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[In the following passage from The Kennedys: An American Drama, by Peter Collier and David Horowitz, 1984, the authors argue that Jack, although he didn’t show it, was deeply affected by the early death of his brother and sister—Joe, the eldest, died in 1944 at 29, and Kathleen (“Kick”), the second eldest girl, died in 1948 at 28. ‘When he was growing up, she and Joe Junior had been the stars, the ones blessed with looks, health, and personality, the ones most likely to succeed. . . This fact gave rise to daunting conclusions about the nature of things.’]

Over the next few years, Jack thought and talked constantly—almost compulsively, it seemed to many of his friends—about death. He told Joe Alsop flatly that he doubted if he would live past the age of forty-five. Ted Reardon remembers walking home to Georgetown with Jack one bright spring afternoon after a House session. Jack suddenly stopped: “Tell me, Teddy boy, what’s the best way to die?” Standing under the blossoming cherry trees around the Tidal Basin, Reardon replied that it did not seem to be an appropriate day for pressing such a question. But Jack persisted until Reardon finally tried to get the conversation over by saying the best death was from old age. “You’re wrong as hell.” Jack gave him a triumphant look and started walking again. “In war—that’s the best way to die. The very best way. In war.”

George Smathers, who saw Jack as “deeply preoccupied by death” throughout the late 1940s and early 1950s, remembers a fishing trip when the subject came up. “He wanted to know which I thought was better—freezing to death, drowning, or getting shot. I wasn’t responsive enough, I guess, because he started answering the question himself with the care one usually devotes to philosophical issues. Because of his experience in the PT boat, he felt that drowning was out. He was against freezing because it took so long. And he didn’t much relish getting shot. He talked about poison rather hopefully; that seemed to be the preferred solution. After he’d finished this lengthy inquiry into the best ways to die, he leaned over to me and said: ‘The point is that you’ve got to live every day like it’s your last day on earth. That’s what I’m doing.’ ”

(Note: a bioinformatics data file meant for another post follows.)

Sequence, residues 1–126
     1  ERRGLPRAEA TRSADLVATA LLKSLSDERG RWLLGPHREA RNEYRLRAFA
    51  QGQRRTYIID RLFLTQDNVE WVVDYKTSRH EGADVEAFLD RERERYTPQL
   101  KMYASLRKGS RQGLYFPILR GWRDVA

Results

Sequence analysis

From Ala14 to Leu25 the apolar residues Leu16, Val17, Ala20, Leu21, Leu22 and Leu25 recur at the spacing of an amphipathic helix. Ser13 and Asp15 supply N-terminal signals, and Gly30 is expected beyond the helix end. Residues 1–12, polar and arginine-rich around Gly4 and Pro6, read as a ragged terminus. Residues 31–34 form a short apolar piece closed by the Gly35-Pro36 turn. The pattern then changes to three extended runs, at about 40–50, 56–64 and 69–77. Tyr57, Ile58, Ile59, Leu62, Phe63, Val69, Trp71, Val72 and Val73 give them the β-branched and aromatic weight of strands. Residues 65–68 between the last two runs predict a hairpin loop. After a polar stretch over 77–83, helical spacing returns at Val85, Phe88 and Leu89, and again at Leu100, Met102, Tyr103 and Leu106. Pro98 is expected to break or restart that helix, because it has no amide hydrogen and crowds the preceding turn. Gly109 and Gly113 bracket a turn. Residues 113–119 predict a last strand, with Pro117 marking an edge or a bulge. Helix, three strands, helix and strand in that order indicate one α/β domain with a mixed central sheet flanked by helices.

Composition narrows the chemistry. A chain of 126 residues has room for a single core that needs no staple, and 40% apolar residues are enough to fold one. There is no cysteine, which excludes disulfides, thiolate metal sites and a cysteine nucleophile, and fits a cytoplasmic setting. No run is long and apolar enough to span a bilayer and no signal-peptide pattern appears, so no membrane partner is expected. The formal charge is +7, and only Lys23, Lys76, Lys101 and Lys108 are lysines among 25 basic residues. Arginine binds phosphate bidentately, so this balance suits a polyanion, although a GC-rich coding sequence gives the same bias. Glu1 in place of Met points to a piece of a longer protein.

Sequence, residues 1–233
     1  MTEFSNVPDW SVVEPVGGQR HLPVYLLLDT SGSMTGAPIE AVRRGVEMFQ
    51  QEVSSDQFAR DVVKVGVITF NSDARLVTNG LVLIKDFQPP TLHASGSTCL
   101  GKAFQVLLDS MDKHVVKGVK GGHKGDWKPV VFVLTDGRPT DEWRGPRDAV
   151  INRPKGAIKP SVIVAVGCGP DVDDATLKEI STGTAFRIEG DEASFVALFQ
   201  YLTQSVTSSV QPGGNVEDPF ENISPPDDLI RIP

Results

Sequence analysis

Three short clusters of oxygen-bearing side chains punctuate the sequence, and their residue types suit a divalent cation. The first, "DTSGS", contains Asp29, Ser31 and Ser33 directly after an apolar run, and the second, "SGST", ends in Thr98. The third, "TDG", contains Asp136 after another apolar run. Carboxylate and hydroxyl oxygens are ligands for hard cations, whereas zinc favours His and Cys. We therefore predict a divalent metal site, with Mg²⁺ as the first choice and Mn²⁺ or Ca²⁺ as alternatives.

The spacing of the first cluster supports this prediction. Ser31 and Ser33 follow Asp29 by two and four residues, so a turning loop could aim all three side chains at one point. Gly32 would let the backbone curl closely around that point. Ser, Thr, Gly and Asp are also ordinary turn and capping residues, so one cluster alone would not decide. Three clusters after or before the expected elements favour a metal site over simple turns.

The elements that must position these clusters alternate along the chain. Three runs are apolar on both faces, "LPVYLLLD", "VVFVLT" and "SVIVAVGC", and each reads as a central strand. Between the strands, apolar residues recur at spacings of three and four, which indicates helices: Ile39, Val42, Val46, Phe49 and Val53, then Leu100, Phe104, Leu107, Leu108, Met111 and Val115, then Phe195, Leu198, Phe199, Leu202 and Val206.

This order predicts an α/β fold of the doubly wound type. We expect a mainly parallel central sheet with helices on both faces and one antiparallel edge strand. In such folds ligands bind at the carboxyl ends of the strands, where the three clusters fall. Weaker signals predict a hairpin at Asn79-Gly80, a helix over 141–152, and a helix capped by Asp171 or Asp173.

That was the remarkable thing: he had identified himself as a terminal case, but he never became doomy, morbid, or self-pitying. If anything, his obsession with death made him even more lucid and companionable. In Chuck Spalding’s opinion, this conviction that he had to live each day as though it was his last gave his days a special intensity and weight: “There was something about time—special for him, obviously, because he always heard the footsteps, but also special for you when you were with him. Death was there. It had taken Joe and Kick and it was waiting for him. So whenever he was in a situation, he tried to burn bright; he tried to wring as much out of things as he could. After a while he didn’t have to try. He had something nobody else did. It was just a heightened sense of being; there’s no other way to describe it.”

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